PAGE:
Last Updated on June 20, 2019 by Gillian Fleshman
Let’s go back to 2012. I’m sitting in my French 1 class in my freshman year of high school. My past idea of becoming a lawyer no longer has any interest to me, as I’ve learned that there is now a surplus of them in the United States. I’ve always been the person to have a plan of what I want to do, so I feel the need to pick something else, and soon. At this point, I am in my third year of Spanish and really enjoy it. I’ve picked it up pretty easily, which is why I chose for my second elective to also be a language. I’ve also been interested in teaching and could see myself putting my own studying tricks to good use by helping others learn the languages I’ve too fell in love with.
Then it came to me: I could teach English abroad. I could still teach and be able to travel the world. This was my dream until I found out the pay is pretty weak. This dream has still been on the back-burner while I pay off my six-figure student loan debt. For now, something in government would be a more financially viable option.
Today, in 2018 with my French and Spanish majors and International Studies minor, I’m studying abroad in one of the most beautiful towns in the world: Cannes, France. Visited by thousands every year, it has been fate that has brought me here — not only to the location, but to the opportunities AIFS has given me which I had originally set aside for myself because I thought they were not possible.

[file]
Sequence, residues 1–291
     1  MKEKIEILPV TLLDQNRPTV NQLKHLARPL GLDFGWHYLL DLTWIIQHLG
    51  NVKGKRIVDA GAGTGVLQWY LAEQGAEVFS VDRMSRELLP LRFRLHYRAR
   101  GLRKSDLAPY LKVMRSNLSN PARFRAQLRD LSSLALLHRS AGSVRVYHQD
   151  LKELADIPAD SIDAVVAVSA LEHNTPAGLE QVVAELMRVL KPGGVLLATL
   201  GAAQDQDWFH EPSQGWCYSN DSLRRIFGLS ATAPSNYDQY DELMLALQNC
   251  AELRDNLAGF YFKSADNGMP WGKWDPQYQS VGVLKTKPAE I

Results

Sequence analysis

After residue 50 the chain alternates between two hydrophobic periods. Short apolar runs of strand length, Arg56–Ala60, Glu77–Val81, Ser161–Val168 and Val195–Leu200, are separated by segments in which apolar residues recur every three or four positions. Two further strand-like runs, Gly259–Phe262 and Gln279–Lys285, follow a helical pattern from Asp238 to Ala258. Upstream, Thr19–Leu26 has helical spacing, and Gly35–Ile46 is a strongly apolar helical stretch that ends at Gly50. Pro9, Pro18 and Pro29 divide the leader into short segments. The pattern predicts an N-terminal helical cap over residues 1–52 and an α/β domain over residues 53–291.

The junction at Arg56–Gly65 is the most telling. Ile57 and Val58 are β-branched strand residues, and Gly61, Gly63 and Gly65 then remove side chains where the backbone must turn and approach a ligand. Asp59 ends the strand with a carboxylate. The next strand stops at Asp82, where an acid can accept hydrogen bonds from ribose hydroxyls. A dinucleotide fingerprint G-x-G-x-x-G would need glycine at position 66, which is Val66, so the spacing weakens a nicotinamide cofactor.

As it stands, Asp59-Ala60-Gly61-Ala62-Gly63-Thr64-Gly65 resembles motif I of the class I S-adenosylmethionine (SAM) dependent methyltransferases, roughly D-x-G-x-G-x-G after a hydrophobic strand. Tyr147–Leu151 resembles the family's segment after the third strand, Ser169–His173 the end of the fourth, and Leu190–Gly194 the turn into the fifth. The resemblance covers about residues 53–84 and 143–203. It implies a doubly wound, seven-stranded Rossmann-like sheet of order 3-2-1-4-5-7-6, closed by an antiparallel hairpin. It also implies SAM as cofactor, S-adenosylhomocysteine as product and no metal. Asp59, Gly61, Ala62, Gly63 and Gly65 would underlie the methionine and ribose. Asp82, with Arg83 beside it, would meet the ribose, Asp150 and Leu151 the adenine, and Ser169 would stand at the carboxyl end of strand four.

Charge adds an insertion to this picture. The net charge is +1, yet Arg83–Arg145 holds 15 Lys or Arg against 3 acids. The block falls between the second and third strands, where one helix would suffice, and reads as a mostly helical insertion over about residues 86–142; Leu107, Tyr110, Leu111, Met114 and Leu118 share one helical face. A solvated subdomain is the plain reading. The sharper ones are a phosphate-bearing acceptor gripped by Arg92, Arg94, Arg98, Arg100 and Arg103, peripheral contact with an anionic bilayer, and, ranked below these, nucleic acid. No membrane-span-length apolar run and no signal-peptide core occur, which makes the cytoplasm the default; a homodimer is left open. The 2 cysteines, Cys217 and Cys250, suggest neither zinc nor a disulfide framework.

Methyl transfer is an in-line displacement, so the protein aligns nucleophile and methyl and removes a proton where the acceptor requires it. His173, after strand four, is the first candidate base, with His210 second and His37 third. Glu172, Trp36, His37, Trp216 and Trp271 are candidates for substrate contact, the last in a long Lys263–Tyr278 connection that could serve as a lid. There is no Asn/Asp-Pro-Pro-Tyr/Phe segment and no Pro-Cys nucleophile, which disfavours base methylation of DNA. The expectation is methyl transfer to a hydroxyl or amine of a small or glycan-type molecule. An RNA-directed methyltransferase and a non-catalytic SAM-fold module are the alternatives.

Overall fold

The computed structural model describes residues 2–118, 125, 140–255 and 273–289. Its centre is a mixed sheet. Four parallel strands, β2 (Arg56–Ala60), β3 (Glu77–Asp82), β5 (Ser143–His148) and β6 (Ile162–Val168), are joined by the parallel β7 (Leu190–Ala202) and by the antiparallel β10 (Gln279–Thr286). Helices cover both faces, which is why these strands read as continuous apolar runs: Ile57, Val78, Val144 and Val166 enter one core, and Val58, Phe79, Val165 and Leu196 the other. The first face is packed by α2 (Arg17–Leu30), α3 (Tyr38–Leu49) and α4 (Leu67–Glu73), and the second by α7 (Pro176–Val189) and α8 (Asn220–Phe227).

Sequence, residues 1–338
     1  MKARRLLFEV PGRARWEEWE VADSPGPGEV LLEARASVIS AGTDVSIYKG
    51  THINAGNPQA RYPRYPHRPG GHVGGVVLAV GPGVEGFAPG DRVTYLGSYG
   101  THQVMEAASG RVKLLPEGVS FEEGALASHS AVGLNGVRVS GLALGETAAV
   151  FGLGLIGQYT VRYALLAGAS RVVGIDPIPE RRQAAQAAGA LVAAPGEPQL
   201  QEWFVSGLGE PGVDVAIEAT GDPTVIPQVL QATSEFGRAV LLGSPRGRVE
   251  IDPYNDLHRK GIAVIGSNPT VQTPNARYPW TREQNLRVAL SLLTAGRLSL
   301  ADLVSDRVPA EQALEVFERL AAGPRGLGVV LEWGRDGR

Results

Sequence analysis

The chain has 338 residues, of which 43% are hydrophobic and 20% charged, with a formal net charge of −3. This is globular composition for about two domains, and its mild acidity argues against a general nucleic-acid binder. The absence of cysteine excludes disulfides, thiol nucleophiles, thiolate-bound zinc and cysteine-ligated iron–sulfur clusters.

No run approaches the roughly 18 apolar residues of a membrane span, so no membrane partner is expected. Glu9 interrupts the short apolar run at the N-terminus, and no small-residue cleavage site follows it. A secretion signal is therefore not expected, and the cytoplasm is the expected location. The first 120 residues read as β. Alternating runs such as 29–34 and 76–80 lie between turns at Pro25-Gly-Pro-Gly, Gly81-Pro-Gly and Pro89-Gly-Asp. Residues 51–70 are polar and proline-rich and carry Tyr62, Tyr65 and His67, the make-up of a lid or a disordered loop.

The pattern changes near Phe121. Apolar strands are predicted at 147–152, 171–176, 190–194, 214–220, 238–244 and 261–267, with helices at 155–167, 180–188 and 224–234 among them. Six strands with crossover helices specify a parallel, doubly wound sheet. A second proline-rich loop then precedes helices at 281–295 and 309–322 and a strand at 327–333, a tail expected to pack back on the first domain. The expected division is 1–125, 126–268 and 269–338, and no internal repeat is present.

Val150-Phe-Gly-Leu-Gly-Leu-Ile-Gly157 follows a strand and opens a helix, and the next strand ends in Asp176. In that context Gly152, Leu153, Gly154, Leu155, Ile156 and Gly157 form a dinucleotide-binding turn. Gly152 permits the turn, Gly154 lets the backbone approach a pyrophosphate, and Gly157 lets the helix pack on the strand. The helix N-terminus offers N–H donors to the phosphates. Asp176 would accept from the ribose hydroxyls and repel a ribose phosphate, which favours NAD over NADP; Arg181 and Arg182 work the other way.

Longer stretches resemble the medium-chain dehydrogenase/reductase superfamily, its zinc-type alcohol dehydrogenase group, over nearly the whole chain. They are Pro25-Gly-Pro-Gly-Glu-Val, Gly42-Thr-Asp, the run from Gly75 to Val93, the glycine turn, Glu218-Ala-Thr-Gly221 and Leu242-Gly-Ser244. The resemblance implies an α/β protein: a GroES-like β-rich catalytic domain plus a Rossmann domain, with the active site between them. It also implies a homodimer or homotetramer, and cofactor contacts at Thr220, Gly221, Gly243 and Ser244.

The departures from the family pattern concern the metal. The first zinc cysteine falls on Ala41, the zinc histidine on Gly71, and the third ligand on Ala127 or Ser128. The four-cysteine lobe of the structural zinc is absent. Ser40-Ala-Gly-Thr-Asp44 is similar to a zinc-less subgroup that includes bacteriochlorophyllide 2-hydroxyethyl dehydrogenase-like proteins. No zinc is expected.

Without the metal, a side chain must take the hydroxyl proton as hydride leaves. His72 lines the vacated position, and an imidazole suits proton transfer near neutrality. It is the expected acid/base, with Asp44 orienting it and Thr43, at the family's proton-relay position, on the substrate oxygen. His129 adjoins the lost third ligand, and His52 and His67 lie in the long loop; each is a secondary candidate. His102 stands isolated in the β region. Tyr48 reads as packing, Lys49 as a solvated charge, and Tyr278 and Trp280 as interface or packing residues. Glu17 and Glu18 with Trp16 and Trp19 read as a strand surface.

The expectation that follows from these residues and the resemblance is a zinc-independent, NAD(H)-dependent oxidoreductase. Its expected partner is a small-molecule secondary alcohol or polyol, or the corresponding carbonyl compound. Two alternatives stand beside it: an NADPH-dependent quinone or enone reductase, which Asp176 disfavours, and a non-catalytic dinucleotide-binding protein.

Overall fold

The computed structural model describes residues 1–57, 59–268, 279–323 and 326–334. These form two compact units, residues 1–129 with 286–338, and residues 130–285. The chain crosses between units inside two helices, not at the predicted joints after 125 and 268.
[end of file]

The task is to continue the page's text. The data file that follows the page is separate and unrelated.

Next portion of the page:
About two weeks ago, our wonderful Resident Director emailed us and said there was a opportunity available to tutor a French girl in English. I immediately gave her an enthusiastic yes and started this past week. I’ve given her vocabulary lists (that also help me brush up on French words I haven’t had to use very often), written exercises, and oral activities. The prep takes me between an hour or two every week, while the session itself is about an hour. I am over the moon to be given this opportunity and cannot wait to add it to my resumé of experiences that will one day translate (no pun intended) into real-world jobs.
The question I ask myself after I’ve done anything is “what has this taught me?” This has taught me that all of my wants and dreams are achievable with the right resources and dedication to my passions. I look forward to seeing this student smile when she nails another sentence without any errors, and to see where this opportunity takes me in the future.